To achieve minimum Vg, one must minimise εrs, the relative permittivity of the material of the cover 18, while reducing the thickness dg of the gap and/or increasing the thickness ds of the material of the cover 18.
Gas Pressure & Gap Thickness—Paschen's Law
Another aspect affecting the electrical breakdown voltage of a medium is the electrical strength of the medium. Paschen's law states that the breakdown voltage for a discharge between electrodes in gas is a function of the product (pd) of the pressure of the gas, and the distance between the electrodes. The function has a minimum value for air at pd=0.55 Torr cm (0.733 Nm−1), indicating a breakdown voltage 352 V between electrodes 0.01 m apart. In one expression of the Paschen equation, the breakdown voltage Vb g of a gap in air is given by:
V b g=6.72√(pd)+24.36(pd)kV.
Since we wish to increase the breakdown voltage across the gap, thereby to reduce the likelihood of voltage breakdown across the gap, operation at the Paschen minimum value must be avoided. Operation with a pressure distance (pd) product above or below that of the Paschen minimum will provide an improved breakdown resistance.
In known MRI systems, the air or other gas in the gap 22 is typically at a very low pressure but above the Paschen minimum. This will reduce the breakdown voltage of the gap 22 from that of an equivalent gap filled with air at atmospheric pressure. Since the gap usually contains gas at less than atmospheric pressure, there is a risk of electrical breakdown. It would be advantageous to increase the pressure of the gas in the gap, since the present invention aims to reduce the risk of electrical breakdown across the gap 22. However, this is not a practical proposition since acoustic noise transfer through the gap would increase.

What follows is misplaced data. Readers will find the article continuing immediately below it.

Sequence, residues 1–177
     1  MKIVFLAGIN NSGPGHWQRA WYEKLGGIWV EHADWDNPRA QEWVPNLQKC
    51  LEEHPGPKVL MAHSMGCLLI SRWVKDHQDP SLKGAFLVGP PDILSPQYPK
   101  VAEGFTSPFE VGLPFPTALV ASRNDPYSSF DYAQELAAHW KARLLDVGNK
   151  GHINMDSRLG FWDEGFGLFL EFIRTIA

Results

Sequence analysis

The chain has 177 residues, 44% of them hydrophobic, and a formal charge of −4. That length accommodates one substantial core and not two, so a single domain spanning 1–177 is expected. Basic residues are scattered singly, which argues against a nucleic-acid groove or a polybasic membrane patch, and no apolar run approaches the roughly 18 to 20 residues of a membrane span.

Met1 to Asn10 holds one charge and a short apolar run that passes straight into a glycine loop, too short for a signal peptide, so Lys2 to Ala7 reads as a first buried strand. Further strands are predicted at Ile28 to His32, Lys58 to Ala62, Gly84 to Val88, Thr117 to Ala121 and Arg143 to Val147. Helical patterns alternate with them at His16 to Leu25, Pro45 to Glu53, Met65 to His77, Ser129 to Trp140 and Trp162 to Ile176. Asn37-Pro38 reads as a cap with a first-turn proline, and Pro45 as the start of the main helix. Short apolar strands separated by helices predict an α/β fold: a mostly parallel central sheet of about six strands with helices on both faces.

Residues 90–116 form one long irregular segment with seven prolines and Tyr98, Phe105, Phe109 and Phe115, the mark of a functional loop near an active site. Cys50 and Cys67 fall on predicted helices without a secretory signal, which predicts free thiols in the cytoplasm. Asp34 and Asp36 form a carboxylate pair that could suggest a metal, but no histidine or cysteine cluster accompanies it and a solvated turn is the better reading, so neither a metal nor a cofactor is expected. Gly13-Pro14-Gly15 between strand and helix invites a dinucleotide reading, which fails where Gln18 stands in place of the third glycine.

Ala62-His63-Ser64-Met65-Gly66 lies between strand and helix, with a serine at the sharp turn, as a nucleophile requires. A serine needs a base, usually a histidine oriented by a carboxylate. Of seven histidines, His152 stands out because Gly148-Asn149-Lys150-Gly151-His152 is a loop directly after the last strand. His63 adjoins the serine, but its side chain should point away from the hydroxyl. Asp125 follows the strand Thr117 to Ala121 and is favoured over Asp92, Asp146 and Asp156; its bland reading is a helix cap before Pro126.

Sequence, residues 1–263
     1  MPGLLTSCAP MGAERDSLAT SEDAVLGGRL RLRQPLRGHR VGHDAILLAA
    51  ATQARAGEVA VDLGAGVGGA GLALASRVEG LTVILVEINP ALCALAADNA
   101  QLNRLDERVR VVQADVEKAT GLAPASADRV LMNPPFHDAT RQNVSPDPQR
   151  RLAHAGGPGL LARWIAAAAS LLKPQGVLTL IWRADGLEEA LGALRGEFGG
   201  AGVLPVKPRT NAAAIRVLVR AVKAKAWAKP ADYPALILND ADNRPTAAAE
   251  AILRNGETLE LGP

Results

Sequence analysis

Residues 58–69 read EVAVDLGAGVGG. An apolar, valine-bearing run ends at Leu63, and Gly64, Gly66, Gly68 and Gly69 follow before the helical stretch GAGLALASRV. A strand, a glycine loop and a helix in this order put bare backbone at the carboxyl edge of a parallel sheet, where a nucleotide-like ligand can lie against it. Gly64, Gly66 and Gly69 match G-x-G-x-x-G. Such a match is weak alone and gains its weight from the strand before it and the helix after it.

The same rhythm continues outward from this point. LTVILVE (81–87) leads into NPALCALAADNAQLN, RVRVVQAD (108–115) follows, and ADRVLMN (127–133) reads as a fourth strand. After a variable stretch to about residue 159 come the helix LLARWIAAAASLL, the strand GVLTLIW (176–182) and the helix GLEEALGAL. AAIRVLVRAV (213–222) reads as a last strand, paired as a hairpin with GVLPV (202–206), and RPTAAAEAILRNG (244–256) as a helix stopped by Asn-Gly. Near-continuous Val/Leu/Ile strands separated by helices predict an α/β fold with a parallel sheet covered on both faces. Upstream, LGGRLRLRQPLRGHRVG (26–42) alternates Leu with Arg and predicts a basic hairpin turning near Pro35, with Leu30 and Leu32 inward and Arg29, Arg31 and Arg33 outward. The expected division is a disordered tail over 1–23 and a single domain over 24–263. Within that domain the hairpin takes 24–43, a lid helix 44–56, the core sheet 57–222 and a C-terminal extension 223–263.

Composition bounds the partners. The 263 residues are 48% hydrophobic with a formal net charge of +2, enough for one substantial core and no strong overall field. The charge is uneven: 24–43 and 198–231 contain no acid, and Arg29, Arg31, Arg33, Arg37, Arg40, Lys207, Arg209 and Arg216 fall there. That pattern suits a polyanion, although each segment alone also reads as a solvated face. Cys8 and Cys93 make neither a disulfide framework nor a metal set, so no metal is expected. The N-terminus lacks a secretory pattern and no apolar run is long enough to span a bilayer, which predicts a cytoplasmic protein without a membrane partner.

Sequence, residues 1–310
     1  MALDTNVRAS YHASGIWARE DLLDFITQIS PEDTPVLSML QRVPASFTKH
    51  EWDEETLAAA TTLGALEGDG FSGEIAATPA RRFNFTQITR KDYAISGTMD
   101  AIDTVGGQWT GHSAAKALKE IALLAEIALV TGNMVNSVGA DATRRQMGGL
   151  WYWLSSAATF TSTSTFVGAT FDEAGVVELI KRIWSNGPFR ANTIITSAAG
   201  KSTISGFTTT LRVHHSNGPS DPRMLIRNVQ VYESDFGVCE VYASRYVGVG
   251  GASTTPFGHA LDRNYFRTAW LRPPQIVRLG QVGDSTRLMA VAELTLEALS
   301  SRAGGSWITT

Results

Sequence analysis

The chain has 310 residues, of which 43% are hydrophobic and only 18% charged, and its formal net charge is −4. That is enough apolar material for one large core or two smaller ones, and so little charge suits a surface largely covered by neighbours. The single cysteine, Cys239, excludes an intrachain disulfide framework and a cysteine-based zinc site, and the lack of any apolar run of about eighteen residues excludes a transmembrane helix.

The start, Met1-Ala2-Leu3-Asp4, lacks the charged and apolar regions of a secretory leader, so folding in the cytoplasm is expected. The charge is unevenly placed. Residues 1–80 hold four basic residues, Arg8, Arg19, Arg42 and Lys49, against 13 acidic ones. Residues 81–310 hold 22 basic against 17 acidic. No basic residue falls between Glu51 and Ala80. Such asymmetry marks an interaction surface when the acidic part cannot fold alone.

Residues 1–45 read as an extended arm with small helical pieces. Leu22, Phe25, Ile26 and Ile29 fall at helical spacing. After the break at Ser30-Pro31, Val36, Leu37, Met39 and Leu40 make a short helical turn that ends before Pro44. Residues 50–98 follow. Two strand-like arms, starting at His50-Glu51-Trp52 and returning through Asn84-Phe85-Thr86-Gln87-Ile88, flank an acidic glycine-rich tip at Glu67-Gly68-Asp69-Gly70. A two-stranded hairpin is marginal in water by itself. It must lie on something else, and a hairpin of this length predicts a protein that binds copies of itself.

For an example of the system considered by the present invention, a gap of 0.005 m in air at a pressure of 75 Torr (10000 Nm−2), a pressure-distance product pd of 37.5 Torr cm (50 Nm−1), gives a breakdown voltage of approximately 2.8 kV. This is well above the Paschen minimum. The same gap filled with air at atmospheric pressure, giving a pressure-distance product pd of 507 Nm−1, would have a breakdown voltage of about 16.9 kV; a marked improvement over the breakdown voltage for the low-pressure gap.
On the other hand, if the pressure of the gas in the gap is reduced, less acoustic noise would be transmitted to the patient 20 from the MRI system 10. The reduced pressure gas is less efficient as a transport medium for sound. Since the patient 20 may be enclosed in a relatively small cylindrical enclosure, it is important to reduce the acoustic noise heard by the patient, since high levels of acoustic noise could increase a patient's feeling of stress when contained in the cylindrical enclosure. However, a reduced pressure of the gas in the gap 22 would lead to a lower breakdown voltage across the gap.
There are accordingly conflicting requirements for the pressure of the gas in gap 22. A reduced pressure is desirable for reduction of acoustic noise transmission, while an increased pressure is desired for increasing the breakdown voltage of the gap.
Reactance of Material of the Cover
An electrical breakdown of the gap 22 would in effect provide a resistive path between the high voltage, high frequency source (RF coils 16) and the patient 20. This could be harmful to the patient. By restricting the connection between the high voltage, high frequency source (RF coils 16) and the patient to a capacitive one, this risk is eliminated. The present invention aims to reduce the possibility of a resistive path being established between the high voltage, high frequency source (RF coils 16) and the patient 20.